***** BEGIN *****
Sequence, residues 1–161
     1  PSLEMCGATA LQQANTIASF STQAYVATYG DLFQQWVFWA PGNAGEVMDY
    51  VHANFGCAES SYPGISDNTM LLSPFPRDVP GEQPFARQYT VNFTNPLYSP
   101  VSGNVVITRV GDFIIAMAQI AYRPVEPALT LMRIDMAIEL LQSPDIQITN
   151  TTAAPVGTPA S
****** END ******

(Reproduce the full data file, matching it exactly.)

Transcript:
Sequence, residues 1–161
     1  PSLEMCGATA LQQANTIASF STQAYVATYG DLFQQWVFWA PGNAGEVMDY
    51  VHANFGCAES SYPGISDNTM LLSPFPRDVP GEQPFARQYT VNFTNPLYSP
   101  VSGNVVITRV GDFIIAMAQI AYRPVEPALT LMRIDMAIEL LQSPDIQITN
   151  TTAAPVGTPA S